The good news is that she didn’t need convincing, that she took me seriously.

The bad news is that she said I do need to see a specialist, which she went on to refer me to. At this point, I have to wait until they decide who I need to see and send, in the mail, an appointment date.

The worse news–I’m supposed to move north in two weeks. I’m supposed to start university in a little over a month. What if I need to have surgery, but I have to have it here in Wales, and so I have to go back and forth?

Never mind the fact that I’m moving to a farm where I’m meant to pull my weight to earn my keep. How am I supposed to do that?

I’m freaking out. My mom keeps telling me to look into Workman’s Comp, but the only thing I’m finding is a weekly pay out of less than a quarter of what I was making when I was working. At least in Washington, when you claimed L&I you got 60% of your pay check.

I’m pretty nervous about everything. The timing could be worse, but it absolutely could be better.

Hunting Medication

So, for the last few days to a week, I’ve been singing the praises of the NHS. I’ve been able to go to the Minor Injury unit in Pwllheli, the Out of Hours in Tremedog, and A and E in Bangor Hospital, all the while procuring three wrist braces and a box of medication–without charge. Hurrah for the NHS!

When I was in Bangor, the nurse practitioner had me double my dose of anti-inflamatories that I’d been given, and told to see my GP about refilling for another week. Fair enough.

By Thursday, I only had a couple of days worth of medication left, so I called Botwnog to get an appointment, telling the exactly what the nurse practitioner told me to tell them–that I needed to make an appointment with a GP to get a refilled perscription, and that my informtion sould be in the system.

I tried to make an appointment, but the person I spoke to said that they had nothing for the day–because it’s a call in the morning to make an appointment if you want to get seen any time before three weeks sort of deal. Ridiculous.

So, since we were going to Bangor any way, we stopped off at the hospital to find out what we could about how to go about this if I couldn’t get in to see a doctor. I went in to the Out of Hours clinic, which apparently you have to go to another section of A and E for, got shouted at by the woman behind the desk for asking the emergency services these questions (despite it clearly saying it was the Out of Hours clinic, mind–how was I to know??), and turned away. Though, she did give me a number to call, though no one answered.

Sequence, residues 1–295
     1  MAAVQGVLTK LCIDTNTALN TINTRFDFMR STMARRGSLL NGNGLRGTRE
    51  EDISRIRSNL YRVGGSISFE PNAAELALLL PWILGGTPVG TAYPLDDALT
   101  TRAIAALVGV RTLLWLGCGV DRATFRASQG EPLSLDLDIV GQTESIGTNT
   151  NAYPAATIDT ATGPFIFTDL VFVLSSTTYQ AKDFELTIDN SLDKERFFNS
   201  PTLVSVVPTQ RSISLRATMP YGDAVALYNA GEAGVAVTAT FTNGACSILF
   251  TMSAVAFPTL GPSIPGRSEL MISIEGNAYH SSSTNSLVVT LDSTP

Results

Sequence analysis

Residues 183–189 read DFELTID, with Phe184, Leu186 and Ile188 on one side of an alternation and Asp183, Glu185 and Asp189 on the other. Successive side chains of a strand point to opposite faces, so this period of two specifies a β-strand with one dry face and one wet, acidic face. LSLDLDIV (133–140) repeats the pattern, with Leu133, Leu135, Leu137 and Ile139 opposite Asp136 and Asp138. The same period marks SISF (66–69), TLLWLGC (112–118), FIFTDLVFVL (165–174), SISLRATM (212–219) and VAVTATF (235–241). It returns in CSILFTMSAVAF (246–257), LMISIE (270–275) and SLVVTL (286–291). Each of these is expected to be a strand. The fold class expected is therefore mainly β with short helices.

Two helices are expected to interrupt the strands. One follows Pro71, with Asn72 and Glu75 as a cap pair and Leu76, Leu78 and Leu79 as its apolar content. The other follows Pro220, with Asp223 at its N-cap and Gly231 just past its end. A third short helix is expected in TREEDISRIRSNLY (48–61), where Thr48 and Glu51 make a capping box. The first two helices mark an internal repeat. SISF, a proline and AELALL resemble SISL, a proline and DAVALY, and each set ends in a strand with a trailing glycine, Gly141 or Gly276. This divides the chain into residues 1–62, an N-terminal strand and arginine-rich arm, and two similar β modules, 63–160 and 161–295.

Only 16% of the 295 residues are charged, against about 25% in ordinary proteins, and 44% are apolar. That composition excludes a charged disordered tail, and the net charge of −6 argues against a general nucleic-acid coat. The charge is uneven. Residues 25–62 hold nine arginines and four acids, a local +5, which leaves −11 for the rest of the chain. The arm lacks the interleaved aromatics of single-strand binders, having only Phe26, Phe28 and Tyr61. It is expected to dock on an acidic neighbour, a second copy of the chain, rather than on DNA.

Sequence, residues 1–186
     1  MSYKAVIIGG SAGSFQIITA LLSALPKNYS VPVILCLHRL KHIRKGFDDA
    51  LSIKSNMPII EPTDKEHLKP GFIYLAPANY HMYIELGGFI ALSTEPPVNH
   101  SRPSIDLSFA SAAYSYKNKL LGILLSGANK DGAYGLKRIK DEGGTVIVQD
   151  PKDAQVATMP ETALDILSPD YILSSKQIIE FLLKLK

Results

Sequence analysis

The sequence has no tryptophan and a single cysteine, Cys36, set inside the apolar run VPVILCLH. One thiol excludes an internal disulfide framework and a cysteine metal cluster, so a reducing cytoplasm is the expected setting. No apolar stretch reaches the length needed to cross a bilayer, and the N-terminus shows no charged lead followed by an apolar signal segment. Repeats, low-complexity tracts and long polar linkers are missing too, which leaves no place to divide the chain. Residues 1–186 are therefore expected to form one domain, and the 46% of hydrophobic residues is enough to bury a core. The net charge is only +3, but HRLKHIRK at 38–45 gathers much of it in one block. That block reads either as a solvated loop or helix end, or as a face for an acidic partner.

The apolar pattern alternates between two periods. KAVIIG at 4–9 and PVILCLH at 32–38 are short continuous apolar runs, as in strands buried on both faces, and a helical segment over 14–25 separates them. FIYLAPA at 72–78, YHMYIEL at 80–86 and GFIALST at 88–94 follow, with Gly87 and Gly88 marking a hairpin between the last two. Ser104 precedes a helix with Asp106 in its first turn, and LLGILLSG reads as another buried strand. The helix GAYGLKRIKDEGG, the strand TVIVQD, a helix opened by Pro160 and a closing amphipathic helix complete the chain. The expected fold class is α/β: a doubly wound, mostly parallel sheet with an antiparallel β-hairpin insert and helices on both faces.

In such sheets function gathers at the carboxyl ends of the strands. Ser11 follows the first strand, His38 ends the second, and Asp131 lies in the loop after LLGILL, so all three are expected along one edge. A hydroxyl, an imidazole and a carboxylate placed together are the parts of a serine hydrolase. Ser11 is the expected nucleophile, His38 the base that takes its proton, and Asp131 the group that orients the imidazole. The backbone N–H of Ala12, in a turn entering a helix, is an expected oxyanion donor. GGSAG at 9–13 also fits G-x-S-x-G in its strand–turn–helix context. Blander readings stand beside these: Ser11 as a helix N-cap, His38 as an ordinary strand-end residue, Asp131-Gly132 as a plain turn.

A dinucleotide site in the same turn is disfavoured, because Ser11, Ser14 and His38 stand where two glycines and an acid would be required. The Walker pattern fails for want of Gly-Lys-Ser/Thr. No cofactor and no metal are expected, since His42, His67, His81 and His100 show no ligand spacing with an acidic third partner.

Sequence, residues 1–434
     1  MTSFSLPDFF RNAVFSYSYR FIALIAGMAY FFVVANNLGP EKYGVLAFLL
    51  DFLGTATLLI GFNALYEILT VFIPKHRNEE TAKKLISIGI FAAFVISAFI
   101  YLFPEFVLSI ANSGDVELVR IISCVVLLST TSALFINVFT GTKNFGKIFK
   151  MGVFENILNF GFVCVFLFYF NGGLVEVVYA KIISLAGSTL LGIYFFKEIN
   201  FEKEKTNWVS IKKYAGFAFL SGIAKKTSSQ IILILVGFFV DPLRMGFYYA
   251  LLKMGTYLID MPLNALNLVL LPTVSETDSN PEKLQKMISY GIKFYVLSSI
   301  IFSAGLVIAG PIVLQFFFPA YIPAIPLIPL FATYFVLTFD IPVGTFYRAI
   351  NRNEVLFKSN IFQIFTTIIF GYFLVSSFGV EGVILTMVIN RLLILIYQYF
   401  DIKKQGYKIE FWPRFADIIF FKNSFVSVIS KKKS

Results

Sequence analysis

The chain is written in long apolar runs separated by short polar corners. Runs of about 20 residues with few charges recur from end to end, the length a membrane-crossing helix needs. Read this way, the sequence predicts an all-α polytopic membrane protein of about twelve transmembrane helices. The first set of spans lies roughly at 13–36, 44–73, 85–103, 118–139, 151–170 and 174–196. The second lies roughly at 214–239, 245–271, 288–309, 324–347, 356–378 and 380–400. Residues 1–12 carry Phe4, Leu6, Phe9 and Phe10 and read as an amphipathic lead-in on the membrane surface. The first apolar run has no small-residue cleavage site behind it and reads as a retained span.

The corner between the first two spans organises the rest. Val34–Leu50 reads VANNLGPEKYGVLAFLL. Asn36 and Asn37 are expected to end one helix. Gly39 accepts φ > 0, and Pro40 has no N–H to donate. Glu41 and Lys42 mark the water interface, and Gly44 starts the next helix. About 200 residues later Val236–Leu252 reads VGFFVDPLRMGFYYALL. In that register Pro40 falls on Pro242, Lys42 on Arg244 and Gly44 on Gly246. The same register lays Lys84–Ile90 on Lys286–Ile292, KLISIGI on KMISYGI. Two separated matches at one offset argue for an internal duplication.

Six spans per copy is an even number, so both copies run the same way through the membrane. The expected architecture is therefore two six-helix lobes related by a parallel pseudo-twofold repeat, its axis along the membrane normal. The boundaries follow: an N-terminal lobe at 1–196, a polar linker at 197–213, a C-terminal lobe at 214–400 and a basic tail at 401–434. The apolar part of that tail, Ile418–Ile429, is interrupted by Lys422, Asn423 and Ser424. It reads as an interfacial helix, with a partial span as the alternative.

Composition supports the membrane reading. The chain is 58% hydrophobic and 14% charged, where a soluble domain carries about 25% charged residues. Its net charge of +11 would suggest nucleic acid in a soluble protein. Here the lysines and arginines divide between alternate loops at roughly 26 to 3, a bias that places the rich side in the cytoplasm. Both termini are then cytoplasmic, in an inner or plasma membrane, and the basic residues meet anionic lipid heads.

Yesterday morning I tried my luck again with Botwnnog, calling at 8 in the morning for an appointment. I was on hold for half an hour before I got through, and the nurse wouldn’t let me make an appointment with a doctor because she didn’t have a file on me. I tried to tell her it was in the overall system, that I watched the nurse practitioner at the hospital put it in there, but she wouldn’t listen. I tried to reason with her, asking for an appointment so that I could show the doctor my wrist and then he would prescribe it to me any way. She said unless she had my notes then I couldn’t see anyone. When I tried again, she told me she’s very busy and there’s nothing she can do.

I was able to get ahold of the Out of Hours nurse in Tremadog who faxed my notes along to Botwnnog, though it wasn’t the complete set of notes since they didn’t have them from Bangor (some system). However, she told me to call Botwnnog later to make sure they were there.

A few hours later I did so, and didn’t have to wait very long on hold. I spoke to a very kind, and helpful person who apologised that there weren’t the full notes. In Bangor they doubled the dose I was given in Tremadog, which was information written that the lady on the phone didn’t have. However, she listened, said she would pass it along to a doctor and that it should be in the pharmacy today–and it was.